Employers are facing a significant increase in serious mental health concerns within their workforces due to the ongoing impact of the COVID pandemic, and the extended lockdown and stay-at-home public health orders currently in place across many States and Territories.
Whilst working from home is an important safety measure at this time, the stress and anxiety caused by isolation and other associated stressors are giving rise to different safety concerns for workers from a mental health perspective.
In this webinar, Harmers’ Executive Counsel, Emma Pritchard and Jenny Inness, provide guidance on:
How employers can identify workers who may need help:
- Guidance for employers on sensitive and appropriate conversations to ascertain the health and wellbeing of your workers
- Guidance on questions to ask and what not to ask when discussing mental health with your workers
What are your legal obligations as an employer in relation to mental health in the workplace?
- Work health and safety obligations
- Disability discrimination legislation (including reasonable adjustments for mental health and inherent requirements of the job)
- Contractual obligations
What can employers do to carefully look after workers’ mental health and to maintain a positive workplace culture?
- Guidance for employers on when employers can: Implement reasonable adjustments to accommodate mental health issues; Issue reasonable and lawful directions to manage sensitive mental health issues; Obtain independent medical assessments about fitness to work; Issue directions to take leave to manage mental health concerns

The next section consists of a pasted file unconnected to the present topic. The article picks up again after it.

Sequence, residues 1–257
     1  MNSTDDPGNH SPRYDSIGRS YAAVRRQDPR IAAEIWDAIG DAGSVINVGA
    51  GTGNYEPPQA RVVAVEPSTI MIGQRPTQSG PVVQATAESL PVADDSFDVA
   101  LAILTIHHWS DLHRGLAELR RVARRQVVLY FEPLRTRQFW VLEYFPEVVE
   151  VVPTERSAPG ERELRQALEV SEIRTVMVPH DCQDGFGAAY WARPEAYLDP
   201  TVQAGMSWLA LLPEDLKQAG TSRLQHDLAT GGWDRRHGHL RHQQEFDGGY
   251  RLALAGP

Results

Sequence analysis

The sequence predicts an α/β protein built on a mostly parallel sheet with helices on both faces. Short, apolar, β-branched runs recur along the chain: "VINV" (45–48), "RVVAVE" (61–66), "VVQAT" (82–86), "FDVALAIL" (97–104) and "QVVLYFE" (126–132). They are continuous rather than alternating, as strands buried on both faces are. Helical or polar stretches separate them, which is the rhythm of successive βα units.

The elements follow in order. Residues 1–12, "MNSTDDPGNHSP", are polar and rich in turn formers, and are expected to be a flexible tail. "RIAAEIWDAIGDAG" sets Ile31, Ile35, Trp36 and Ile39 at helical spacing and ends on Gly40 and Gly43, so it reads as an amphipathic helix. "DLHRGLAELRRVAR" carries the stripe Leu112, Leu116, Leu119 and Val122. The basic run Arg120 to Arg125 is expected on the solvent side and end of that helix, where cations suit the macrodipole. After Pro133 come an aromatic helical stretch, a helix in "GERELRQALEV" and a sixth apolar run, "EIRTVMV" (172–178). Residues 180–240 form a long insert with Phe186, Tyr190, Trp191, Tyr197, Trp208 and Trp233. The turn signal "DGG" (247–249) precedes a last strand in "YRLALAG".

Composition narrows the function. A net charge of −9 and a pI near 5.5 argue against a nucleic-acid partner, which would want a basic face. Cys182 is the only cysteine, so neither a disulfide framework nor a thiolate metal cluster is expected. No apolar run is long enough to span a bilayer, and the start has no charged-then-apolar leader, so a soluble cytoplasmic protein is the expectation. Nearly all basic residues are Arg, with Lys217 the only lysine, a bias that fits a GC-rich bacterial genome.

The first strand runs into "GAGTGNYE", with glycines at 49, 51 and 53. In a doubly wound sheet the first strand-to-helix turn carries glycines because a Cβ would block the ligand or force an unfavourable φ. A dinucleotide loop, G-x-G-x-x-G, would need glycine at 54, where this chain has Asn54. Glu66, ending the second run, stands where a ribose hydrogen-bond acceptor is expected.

- Guidance for employers to provide a supportive and positive workplace culture that can accommodate workers with mental health issues
Key links + references
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About Emma Pritchard
t: +61 2 9267 4322
After graduating from the University of New South Wales in 1993, Emma became an Associate to Mr Justice Lee of the Federal Court of Australia. She then joined one of Australia’s largest law firms practising in the areas of commercial litigation, corporate law and then specialised in employment and industrial law.
Emma joined Harmers Workplace Lawyers in December 1999 and became a partner in 2003. Emma currently oversees both staff and operational management of the firm, as well as managing a busy practice as Executive Counsel and Senior Team Leader.
Emma’s practice is litigation focused, having had the conduct of the largest litigation matter in the history of the Industrial Relations Court of New South Wales, where she acted for Gough & Gilmour Holdings Pty Limited & Ors against Caterpillar Australia Pty Ltd & Ors. Emma also advises in relation to executive remuneration and separation issues, workplace strategies for managing risk, compliance and matters of reputational significance to clients.
About Jenny Inness
t: +61 2 9267 4322
After graduating from the University of Wollongong in 2001, Jenny spent two and a half years working as a solicitor for one of Australia’s largest law firms. Jenny joined Harmers Workplace Lawyers in 2004 and became an Executive Counsel and Team Leader in 2010.
Jenny regularly represents her clients at the Fair Work Commission, at the Australian Human Rights Commission, and in Federal and State Courts in dealing with a range of employment, industrial, and human rights claims. She also advises clients on their compliance obligations in managing Australian work, health and safety laws.
Jenny has extensive experience in dealing with sensitive and high-profile sexual harassment claims. Jenny was the lead lawyer acting on behalf of the Applicant in the Federal Court of Australia, and then before the Full Bench of the Federal Court of Australia on appeal, in the landmark sexual harassment and discrimination case of Richardson v Oracle Corporation Australia Pty Ltd  FCAFC 82. The Richardson v Oracle case, on appeal, significantly developed the law in Australia in relation to damages in the area of sexual harassment and human rights.
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